Strong Knowledge Base: A teacher needs to develop a knowledge base that has subject matter expertise along with knowledge of education principles as it pertains to the course or courses they are teaching. I know of many teachers who have the required credit hours on degree transcripts, yet may not have extensive experience in teaching. This would still allow these teachers to teach the curriculum, provided they take the time to read the course textbook and find ways to apply it to current practices within the field.

Many schools employ assistants with extensive work experience as the primary criterion, rather than knowledge of teaching principles. The instructors I’ve worked with who have a strong education knowledge base have typically achieved this through ongoing professional development. It was my goal, when I decided to major for my doctoral degree, to understand how to learn so that I could transform from an instructor into an educator.

Becoming an Attractive and Highly Effective Educator

I don’t believe that many instructors consider the need to consciously transition from acting as a coach to acting as a teacher. When someone is hired to teach a classroom, other than a traditional college professor, they often learn through practice and time which works well in the classroom. There are likely to be classroom audits and recommendations for ongoing professional development. Gradually the typical instructor will become a teacher as they look for resources to help them improve their teaching practices. However, I have worked with many helpful online instructors who rely on their subject matter expertise alone and do not believe there is any reason to grow as a teacher. There are a few steps that can be taken and practiced for anyone who wants to make a change and become an engaging and highly effective teacher.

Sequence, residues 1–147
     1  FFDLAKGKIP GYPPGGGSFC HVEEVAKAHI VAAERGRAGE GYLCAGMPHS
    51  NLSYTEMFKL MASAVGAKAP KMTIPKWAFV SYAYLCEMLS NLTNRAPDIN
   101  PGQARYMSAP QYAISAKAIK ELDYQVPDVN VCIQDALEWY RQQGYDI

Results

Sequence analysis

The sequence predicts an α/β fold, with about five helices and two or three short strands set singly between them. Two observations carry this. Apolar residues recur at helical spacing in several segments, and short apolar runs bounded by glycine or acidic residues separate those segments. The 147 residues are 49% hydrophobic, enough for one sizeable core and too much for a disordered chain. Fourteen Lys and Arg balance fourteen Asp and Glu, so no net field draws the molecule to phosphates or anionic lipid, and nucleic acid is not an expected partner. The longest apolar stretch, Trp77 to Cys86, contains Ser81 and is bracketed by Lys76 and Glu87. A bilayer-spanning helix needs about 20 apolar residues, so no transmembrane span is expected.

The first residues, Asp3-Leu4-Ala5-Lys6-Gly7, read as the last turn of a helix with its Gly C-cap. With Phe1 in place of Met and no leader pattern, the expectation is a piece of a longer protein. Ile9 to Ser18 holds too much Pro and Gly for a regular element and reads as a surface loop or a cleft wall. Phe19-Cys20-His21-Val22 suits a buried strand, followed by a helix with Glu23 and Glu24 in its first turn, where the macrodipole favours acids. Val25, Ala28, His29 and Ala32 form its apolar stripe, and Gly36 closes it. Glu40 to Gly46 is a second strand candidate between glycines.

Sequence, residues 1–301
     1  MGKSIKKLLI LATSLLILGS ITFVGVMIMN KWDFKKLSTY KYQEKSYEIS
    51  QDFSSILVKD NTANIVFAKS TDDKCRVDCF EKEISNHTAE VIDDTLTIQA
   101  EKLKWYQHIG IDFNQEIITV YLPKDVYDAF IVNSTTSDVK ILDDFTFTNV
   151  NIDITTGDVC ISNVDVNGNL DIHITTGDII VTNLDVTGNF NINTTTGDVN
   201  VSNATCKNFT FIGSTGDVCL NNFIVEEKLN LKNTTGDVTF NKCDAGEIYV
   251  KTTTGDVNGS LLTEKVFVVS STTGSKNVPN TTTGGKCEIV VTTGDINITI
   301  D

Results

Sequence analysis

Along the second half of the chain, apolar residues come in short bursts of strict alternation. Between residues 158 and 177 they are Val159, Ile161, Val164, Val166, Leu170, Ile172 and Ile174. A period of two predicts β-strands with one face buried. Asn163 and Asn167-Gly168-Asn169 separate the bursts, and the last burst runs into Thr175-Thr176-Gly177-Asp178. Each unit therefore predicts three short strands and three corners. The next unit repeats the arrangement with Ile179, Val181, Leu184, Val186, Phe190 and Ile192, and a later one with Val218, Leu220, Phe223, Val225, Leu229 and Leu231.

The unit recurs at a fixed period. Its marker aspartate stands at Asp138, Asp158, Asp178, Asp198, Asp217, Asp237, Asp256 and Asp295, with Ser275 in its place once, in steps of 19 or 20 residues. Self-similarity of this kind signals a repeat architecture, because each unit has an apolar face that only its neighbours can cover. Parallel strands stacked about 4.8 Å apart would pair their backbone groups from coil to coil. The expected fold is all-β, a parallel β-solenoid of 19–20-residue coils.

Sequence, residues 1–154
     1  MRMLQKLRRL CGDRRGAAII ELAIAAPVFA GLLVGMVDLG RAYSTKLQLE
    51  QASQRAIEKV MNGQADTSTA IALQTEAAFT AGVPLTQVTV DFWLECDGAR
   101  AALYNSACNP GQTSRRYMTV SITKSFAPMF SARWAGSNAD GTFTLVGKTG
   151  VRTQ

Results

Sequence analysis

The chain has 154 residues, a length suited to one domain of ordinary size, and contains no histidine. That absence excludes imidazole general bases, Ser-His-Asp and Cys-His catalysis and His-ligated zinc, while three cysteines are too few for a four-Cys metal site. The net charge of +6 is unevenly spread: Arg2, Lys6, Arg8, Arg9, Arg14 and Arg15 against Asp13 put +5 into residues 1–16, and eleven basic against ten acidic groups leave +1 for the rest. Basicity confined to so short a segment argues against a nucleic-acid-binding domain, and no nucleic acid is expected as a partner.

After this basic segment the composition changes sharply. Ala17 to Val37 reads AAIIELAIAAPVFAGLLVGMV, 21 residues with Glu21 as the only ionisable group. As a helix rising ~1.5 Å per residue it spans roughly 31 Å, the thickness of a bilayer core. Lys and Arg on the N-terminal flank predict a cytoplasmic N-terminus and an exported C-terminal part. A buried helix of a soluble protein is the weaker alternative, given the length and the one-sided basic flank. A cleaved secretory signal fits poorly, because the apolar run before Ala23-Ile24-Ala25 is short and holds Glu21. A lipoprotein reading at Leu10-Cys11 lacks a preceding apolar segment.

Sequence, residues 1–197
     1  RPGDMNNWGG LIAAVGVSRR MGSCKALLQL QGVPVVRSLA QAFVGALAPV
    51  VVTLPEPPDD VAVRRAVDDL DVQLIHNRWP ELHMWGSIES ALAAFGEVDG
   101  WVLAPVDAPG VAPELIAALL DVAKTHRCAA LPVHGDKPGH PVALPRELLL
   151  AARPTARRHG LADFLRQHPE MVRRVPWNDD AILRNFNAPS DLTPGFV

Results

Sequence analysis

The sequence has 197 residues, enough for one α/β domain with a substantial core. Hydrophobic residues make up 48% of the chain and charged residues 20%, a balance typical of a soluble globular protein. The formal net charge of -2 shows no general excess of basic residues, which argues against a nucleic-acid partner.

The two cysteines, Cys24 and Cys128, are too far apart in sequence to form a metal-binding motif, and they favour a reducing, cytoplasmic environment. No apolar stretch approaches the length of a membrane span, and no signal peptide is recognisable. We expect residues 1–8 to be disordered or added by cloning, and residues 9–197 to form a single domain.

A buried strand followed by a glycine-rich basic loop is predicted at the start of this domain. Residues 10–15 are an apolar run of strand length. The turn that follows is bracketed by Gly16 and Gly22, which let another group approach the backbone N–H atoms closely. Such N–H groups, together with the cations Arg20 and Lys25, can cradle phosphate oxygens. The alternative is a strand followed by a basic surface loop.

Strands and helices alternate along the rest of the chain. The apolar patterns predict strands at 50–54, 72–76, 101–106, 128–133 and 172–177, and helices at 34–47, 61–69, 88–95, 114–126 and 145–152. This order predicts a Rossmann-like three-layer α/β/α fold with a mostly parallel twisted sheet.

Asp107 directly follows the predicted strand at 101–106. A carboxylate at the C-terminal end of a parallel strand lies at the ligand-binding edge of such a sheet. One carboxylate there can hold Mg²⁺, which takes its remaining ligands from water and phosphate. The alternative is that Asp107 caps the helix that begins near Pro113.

Continue to Develop Your Instructional Practice

While any teacher can learn on the job over time, it is possible to be intentional about this growth. There are many online resources, publications, workshops, webinars, and professional groups that will allow you to learn new methods, strategies, and practices. There are also social media websites such as LinkedIn and Twitter that allow the exchange of ideas and resources within a global community of teachers.

You can also use self-reflection as a means of assessing your effectiveness. I have found that the best time to review my teaching practice is immediately after class ends. This is a time when I can assess the strategies I have used and determine whether those methods were effective. Student surveys reviewed at the end of the course can also provide insight into my students’ perspectives.